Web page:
FARGO-When Cynthia Nyflot was diagnosed with bipolar disorder in 1983, little was understood about the illness.
Almost a decade later, determined to reduce the stigma surrounding mental health, Nyflot and her mother, LaVerne, published a book chronicling the year Cynthia's disorder was identified.
Her brother, Jeff Nyflot, believes it was the illness she'd battled for more than three decades that led to the discovery of the 52-year-old Fargo woman's body earlier this month in the Red River.
"July was always Cindy's worst month," he said.
The book Cynthia wrote with her mother-"I Made it Back"-details, day by day, the year she was diagnosed from the perspectives of Cynthia and her mother.
In the book, LaVerne describes her daughter as an "athletic and energetic" child.
"Her brothers made a little tomboy of her, swinging her by the feet, and challenging her to do whatever they did. And she loved it," she wrote.
As she got older, though, Cynthia became lethargic. Doctors initially passed off her behavior as a symptom of being young.
But in 1983, Cynthia went to see her psychiatrist and he instantly diagnosed her, according to her account.
The book tells of euphoric emotional highs and desperate lows that are often associated with bipolar disorder.
In one instance, Cynthia took off for New York and her brothers, Jeff and Lonnie, were charged with going to find her.
"I didn't even recognize her," Jeff recalled of seeing her in New York.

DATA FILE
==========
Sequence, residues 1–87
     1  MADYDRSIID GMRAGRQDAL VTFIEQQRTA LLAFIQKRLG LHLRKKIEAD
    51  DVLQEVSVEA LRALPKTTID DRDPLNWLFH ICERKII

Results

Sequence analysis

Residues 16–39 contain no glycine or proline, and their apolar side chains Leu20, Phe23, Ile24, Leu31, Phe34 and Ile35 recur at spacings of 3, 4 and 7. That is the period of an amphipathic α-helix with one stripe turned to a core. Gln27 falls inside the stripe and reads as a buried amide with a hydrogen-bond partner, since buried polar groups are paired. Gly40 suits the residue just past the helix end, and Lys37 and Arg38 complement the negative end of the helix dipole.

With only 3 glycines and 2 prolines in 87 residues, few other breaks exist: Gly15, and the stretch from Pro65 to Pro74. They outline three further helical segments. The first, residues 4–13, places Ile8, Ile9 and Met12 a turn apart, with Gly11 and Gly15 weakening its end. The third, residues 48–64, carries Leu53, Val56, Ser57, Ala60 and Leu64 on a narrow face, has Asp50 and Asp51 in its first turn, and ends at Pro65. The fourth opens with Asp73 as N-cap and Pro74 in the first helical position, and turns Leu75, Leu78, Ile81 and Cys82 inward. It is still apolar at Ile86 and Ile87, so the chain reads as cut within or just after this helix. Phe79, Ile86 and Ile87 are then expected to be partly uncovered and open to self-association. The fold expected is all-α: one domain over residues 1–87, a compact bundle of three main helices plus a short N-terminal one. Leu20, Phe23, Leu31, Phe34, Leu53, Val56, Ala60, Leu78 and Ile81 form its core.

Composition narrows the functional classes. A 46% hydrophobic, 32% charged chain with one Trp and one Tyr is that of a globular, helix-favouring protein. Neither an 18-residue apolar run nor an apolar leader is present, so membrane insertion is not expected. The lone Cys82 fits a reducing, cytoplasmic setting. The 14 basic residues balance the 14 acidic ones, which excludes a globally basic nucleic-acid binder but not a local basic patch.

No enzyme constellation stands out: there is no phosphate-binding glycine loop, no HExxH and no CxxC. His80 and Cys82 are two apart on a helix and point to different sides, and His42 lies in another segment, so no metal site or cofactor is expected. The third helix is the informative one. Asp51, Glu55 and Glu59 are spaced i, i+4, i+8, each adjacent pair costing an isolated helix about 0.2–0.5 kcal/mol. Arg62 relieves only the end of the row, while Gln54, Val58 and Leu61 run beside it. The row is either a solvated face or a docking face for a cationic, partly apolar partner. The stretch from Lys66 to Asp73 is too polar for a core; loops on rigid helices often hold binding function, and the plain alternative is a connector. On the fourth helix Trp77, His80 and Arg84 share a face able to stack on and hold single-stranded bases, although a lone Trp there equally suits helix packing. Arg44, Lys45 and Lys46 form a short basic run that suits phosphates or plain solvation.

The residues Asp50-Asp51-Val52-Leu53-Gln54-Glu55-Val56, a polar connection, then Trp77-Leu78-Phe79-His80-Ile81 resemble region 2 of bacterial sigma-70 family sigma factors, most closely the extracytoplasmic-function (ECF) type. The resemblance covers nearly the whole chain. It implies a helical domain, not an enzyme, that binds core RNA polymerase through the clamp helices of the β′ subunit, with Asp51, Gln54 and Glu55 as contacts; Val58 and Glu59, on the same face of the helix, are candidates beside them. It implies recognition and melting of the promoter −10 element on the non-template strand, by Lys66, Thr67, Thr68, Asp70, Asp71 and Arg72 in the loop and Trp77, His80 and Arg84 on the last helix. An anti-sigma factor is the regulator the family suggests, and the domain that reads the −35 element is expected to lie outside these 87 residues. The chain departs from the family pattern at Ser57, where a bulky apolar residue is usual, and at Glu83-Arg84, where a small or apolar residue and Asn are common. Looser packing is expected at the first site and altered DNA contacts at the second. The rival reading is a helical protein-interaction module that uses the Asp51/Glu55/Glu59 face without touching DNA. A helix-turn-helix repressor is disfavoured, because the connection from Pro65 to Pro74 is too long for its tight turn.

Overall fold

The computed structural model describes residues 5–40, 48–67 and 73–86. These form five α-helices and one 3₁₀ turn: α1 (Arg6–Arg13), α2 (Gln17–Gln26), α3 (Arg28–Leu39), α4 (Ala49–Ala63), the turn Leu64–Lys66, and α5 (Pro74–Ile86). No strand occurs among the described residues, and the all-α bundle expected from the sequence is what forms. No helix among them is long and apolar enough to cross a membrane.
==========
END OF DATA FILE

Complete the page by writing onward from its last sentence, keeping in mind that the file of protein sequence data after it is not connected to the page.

Jeff is the only one of his family members left, he said. He believes his sister's ailment cut short the lives of his mother and brother.
Their mother spent the last 35 years of her life educating people about mental illness. She died in 2006.
A kayaker near Memorial Park in Moorhead spotted Nyflot's body in the river the night of July 7. She had been reported missing three days earlier.
Jeanne Anderson was a family friend who briefly knew Cynthia and sold the book at her Fargo shop, Catherine's Collectibles.
She described Cynthia as strikingly beautiful, with brown eyes and "incredible poise."
Anderson said Cynthia and LaVerne were advocates for the mentally ill and the book helped many people.
"She was proud of making it back and that's how she named her book," Anderson recalled.
Jeff struggles to characterize his sister beyond her illness. He said the disorder left her a shell of herself.
The Christian family looked to God for answers about Cynthia's disease, but Jeff said he will get his answers when he dies.
"I just take comfort in the fact that she's home with the rest of my family, and I'll be there someday and be with them again," he said.
LaVerne wrote a prayer at the end of their book asking God why her daughter was affected by the disorder.
She calls her daughter's affliction "an illness that robbed Your child and ours of the ability to have the love, joy, peace, patience, goodness and mercy You promised."